As we head into the second month of the now longest government shutdown in U.S. history, we have a better sense of how the government got into this mess than how to resolve it or prevent it from happening again in the future. This political crisis has exposed an institutional flaw: namely, the personal risks associated with failing to fund the government are not properly aligned with the responsibilities for reopening it.
We are mired in what political scientists call the gridlock interval, a zone of inaction in which every move towards resolution is blocked by a critical player. Efforts by the House Democrats to reopen the government are blocked by the President, and the House in turn is blocking the President’s demands for 5.6 billion dollars to build out the wall on the Mexican border. Any new legislative solution this year from the Senate would require Democrat votes to avoid a filibuster. And without Donald Trump’s approval, anything that managed to make it out of the Congress would need 2/3rds of both houses to override the President’s likely veto. To riff on an old song, “clowns to the left of me, jokers to the right, here I am, stuck in the gridlock interval with you.”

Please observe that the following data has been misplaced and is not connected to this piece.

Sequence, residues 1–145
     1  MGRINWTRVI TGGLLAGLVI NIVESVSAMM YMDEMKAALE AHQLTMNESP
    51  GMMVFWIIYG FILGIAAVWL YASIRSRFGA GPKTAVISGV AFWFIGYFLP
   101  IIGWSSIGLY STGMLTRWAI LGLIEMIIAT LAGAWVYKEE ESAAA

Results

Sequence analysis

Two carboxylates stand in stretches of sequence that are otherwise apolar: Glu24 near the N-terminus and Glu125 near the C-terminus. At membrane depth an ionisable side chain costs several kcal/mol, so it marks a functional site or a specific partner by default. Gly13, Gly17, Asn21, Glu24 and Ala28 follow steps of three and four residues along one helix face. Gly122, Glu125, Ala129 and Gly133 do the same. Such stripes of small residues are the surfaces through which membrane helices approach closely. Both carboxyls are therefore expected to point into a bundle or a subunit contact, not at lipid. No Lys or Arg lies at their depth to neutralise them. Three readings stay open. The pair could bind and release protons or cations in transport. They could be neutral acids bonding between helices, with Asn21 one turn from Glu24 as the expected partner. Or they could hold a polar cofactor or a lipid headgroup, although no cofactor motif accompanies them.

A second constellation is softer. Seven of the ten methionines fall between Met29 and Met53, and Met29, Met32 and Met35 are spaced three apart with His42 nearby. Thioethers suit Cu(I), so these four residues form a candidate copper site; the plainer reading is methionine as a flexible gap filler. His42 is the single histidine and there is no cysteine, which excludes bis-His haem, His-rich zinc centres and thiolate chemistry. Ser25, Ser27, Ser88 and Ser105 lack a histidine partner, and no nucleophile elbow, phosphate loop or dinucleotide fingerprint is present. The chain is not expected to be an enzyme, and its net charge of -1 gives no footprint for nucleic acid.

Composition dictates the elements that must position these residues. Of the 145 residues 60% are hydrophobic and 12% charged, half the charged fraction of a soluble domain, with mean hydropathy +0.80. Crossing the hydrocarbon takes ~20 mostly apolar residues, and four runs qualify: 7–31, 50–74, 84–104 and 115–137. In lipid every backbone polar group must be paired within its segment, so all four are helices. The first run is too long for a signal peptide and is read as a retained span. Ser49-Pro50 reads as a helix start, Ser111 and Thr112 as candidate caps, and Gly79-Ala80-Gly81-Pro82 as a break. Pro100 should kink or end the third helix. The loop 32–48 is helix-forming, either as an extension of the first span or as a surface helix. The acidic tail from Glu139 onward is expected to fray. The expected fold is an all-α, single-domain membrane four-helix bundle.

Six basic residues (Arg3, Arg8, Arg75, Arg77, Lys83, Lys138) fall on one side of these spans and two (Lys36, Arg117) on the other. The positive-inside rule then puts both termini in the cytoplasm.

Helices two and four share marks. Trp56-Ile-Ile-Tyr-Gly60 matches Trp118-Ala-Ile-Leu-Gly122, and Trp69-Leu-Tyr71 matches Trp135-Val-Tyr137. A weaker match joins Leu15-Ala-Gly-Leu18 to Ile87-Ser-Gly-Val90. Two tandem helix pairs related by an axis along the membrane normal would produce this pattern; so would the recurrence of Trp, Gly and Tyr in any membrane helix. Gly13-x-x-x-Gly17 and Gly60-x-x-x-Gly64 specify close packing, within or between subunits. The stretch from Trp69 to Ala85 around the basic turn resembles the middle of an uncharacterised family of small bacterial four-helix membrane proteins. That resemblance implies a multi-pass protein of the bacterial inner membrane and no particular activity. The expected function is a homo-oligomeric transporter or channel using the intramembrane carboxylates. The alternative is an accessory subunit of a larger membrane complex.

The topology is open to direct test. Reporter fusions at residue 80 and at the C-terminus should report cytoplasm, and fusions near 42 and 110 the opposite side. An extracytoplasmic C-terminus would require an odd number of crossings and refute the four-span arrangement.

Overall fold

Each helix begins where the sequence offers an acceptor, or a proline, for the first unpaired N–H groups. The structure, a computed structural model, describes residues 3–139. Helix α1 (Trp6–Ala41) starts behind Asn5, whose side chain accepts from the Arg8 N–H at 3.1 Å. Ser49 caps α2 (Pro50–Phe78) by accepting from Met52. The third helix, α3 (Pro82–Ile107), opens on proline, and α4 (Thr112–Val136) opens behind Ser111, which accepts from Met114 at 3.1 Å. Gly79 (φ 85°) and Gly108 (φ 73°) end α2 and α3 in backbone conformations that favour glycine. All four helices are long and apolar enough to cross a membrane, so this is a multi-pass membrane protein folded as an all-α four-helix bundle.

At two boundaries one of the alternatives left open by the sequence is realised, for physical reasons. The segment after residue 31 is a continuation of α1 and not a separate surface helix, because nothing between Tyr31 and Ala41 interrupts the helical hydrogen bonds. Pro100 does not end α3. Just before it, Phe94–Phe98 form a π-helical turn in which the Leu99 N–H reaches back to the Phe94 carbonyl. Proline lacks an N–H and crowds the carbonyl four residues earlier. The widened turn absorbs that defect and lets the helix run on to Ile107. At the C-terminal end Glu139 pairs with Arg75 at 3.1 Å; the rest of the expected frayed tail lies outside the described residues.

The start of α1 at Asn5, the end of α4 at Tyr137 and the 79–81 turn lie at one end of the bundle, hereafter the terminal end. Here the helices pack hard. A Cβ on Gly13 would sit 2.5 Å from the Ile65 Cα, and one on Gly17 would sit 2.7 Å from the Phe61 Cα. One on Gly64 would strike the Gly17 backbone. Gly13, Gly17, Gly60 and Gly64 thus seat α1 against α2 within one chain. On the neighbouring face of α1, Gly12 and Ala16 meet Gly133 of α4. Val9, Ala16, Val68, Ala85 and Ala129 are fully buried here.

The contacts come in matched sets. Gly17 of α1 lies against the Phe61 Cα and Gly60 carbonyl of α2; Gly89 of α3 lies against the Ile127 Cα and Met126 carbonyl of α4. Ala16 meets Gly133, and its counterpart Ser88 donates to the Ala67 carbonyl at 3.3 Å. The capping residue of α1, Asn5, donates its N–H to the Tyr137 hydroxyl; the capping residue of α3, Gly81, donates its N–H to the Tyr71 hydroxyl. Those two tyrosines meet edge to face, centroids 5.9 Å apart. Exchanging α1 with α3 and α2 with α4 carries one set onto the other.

We have seen this act before, including twice earlier in the Trump Presidency when the Republicans had trifecta control of the government. Those deadlocks ended quickly. By comparison, shutdowns under divided government are harder to resolve, especially in an era of heightened partisan polarization and tight electoral contestation. Moreover, there are other various factors contributing to the current stalemate such as a President who cannot afford to alienate his base given the threat of impeachment, the far right’s antipathy to “deep state” government workers, and an energized progressive faction in the Democratic party caucus. This all makes it hard to find common ground.